Federal and state governments in Australia should overturn their bans on nuclear energy, allowing it to compete with new and existing fuel sources in the free market.
Nuclear power technology has improved considerably in the recent decades, and is now one of the best fuel sources for the world of tomorrow.
There are two types of nuclear energy, nuclear fusion and nuclear fission. Nuclear fusion is an exciting concept that could solve many of the world’s energy needs, but the technology is not yet practicable. However, this is not the case with nuclear fission — which this proposal will focus on.
Nuclear energy has a negative stigma surrounding it, hindering the growth of nuclear power in Australia. Many people are apprehensive about adopting nuclear because of perceived safety risks. But these fears largely unsubstantiated when it comes to modern nuclear technology. The safety of modern nuclear reactors has improved considerably since the construction of Chernobyl, and even Fukushima — which only faced problems because of a devastating earthquake and tsunami, which the reactor was not designed to cope with. Given the geological stability of the Australian continent, this is a risk Australian reactors would not face.
Nuclear technology has significant advantages over other sources of energy — both economic and environmental — and it shouldn’t be held back by unwarranted fears.
With inbuilt safety mechanisms reducing the chance of catastrophe to near zero, and the existence of large deposits of uranium, Australia is in a unique position to take advantage of this cheap, reliable, and scalable source of energy.
The benefits of nuclear
All energy sources have positive and negative characteristics — pollution, unreliability, expense, etc. But nuclear compares well to other leading sources of energy in Australia, including fossil fuel and renewables.
Nuclear energy has significant economic benefits when compared to alternative energy sources. Nuclear power is efficient and is capable of producing large amounts of base loud power. This means it can reliably generate electricity around the clock, in all weather conditions. This is an obvious advantage over renewable sources of energy, like wind and solar, that are only able to produce electricity when the wind is blowing and the sun is shining. This is known as the intermittency problem, and it is an extreme disadvantage for a society that needs a reliable energy source to power essential services like hospitals.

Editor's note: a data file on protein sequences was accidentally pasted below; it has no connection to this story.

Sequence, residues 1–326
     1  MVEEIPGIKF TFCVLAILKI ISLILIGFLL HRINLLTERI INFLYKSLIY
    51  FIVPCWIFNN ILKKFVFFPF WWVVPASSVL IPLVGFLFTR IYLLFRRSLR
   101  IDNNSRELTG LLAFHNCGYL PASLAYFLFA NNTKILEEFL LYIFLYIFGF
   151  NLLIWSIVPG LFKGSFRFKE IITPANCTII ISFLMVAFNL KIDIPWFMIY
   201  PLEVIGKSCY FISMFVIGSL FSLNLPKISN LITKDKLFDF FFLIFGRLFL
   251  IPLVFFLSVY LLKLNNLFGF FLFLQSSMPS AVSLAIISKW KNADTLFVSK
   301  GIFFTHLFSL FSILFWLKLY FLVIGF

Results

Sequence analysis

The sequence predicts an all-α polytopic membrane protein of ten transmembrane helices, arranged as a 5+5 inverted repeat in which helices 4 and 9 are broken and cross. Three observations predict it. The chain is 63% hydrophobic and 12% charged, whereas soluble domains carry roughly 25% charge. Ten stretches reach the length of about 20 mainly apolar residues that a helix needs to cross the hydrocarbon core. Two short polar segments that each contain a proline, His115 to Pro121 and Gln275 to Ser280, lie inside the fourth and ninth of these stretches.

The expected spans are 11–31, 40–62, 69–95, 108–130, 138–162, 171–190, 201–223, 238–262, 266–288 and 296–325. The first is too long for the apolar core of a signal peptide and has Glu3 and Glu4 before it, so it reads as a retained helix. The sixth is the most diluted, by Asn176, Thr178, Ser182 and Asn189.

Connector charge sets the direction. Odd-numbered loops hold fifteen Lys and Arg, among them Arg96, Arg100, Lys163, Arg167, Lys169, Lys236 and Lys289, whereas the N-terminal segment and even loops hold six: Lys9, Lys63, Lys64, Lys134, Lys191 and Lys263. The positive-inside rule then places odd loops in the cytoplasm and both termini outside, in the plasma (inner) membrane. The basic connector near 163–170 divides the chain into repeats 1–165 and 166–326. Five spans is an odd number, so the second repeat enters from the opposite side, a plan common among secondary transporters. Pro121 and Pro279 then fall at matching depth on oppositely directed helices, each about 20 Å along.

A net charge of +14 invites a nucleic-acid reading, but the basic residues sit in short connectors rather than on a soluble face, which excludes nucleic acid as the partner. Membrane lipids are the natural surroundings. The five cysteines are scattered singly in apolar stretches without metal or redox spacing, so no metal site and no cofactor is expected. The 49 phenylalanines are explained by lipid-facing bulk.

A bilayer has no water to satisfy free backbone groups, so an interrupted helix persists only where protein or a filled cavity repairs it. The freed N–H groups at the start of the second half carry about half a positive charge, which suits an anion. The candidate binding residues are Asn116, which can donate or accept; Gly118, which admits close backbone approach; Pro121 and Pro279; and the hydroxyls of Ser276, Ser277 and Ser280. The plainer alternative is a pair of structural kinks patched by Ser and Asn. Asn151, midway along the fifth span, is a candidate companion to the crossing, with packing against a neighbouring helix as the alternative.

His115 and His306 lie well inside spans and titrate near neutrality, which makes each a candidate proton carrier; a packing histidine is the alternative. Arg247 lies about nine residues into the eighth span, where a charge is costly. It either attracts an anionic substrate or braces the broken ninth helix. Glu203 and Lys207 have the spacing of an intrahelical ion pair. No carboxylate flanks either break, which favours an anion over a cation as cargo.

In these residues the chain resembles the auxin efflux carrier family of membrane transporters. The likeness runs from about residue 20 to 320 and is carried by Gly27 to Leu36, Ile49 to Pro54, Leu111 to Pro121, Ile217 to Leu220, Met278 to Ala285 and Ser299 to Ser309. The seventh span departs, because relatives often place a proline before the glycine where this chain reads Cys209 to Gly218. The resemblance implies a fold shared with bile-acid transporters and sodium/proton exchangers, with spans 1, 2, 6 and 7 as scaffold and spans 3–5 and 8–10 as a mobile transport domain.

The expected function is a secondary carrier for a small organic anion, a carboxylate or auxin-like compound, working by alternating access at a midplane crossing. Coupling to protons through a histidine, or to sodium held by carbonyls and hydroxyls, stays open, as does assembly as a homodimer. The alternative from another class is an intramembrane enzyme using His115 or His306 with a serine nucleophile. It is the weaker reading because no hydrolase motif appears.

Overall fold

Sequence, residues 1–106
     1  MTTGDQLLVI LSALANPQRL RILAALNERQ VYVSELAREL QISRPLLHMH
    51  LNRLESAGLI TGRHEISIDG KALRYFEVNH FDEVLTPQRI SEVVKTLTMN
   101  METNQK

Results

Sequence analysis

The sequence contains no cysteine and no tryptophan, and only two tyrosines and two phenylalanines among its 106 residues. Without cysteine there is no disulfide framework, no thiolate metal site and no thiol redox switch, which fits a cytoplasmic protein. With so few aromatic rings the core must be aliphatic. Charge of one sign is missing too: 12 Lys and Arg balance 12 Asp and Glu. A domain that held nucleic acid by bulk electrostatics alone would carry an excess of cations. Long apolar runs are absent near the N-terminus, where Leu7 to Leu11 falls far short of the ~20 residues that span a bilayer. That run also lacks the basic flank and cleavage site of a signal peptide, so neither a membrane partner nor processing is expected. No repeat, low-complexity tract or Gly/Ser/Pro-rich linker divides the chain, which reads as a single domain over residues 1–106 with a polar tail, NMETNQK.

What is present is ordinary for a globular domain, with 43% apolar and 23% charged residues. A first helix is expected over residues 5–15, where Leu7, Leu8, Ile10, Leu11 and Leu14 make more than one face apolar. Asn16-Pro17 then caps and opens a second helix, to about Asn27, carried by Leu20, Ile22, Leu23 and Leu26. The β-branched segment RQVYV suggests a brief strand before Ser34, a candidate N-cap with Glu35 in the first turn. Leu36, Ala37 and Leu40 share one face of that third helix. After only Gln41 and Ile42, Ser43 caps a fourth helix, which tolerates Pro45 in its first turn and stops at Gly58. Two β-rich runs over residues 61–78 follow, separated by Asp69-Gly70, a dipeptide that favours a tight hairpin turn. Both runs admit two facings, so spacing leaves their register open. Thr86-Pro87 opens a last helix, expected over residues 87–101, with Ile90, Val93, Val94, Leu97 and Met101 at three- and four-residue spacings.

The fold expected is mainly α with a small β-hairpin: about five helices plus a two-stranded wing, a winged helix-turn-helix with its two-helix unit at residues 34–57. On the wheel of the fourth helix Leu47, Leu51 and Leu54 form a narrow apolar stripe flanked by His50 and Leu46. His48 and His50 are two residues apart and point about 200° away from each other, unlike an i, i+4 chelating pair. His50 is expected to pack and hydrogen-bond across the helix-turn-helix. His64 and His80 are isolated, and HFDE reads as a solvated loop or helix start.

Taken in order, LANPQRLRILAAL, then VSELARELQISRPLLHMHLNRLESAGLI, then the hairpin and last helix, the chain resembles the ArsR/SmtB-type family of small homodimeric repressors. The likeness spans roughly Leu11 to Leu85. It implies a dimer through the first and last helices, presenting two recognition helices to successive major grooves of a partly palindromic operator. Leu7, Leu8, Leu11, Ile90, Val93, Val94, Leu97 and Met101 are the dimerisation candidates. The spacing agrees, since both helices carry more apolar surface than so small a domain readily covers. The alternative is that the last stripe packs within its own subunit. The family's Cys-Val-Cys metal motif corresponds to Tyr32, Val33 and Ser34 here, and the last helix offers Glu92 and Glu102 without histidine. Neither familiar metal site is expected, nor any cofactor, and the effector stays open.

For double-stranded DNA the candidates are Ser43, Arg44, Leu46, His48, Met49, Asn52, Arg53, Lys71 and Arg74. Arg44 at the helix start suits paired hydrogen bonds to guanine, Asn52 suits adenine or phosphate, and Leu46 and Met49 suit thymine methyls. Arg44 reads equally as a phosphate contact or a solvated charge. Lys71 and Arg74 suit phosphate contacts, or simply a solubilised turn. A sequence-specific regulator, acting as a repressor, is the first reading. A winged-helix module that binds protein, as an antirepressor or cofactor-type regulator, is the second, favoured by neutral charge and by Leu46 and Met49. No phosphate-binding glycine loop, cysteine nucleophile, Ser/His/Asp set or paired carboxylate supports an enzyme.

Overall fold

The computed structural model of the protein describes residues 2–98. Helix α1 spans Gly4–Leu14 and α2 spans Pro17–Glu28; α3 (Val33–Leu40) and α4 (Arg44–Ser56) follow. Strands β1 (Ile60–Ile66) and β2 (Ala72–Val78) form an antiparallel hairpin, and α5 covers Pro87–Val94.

ii. Economic benefits
Nuclear power is also a cheap source of energy. Initial set-up costs can be high, but once a nuclear power station is online running costs are low, and the initial set-up costs can be spread over a power plant’s lifespan — nuclear power plants can produce energy for 50 to 70 years. Uranium, the fuel for nuclear power, is also relatively cheap, and Australia has 33 percent of the world’s deposits, ensuring a us a secure supply.
i. Environmental benefits
Nuclear power is a clean source of energy that has the capacity to drastically reduce pollution, without the increasing costs of renewable technologies.
The production of nuclear energy does not produce carbon emissions. This makes nuclear power a valuable tool for combating climate change. Large scale adoption of nuclear energy would significantly reduce Australia’s carbon emissions, which contribute to climate change.
Nuclear energy also has one of the lowest ecological footprints of comparable energy sources. Unlike wind and solar, minimal land is required. And unlike fossil fuels, the byproducts of nuclear energy are collected and stored in safe locations, rather than spread throughout the atmosphere.
Nuclear energy uses vastly less material than other fuel sources like coal or gas. This reduces the pollution from transportation, as much less material needs to be transported. Only 28 grams of uranium is needed to produce as much energy as 100 metric tons of coal. With the energy density of a plant being ten million times the amount released burning fossil fuel atoms.
ii. Base load that can be adjusted easily
Nuclear power plants can vary the amount of base energy they produce relatively easily. This makes nuclear energy ideal for use in conjunction with renewable energy sources that suffer from intermittency problems, like solar and wind. On days of high wind or solar energy production the base load energy provided by nuclear can be reduced, and on days of low wind and solar energy production it can be increase, thereby maintaining the stability of the energy grid.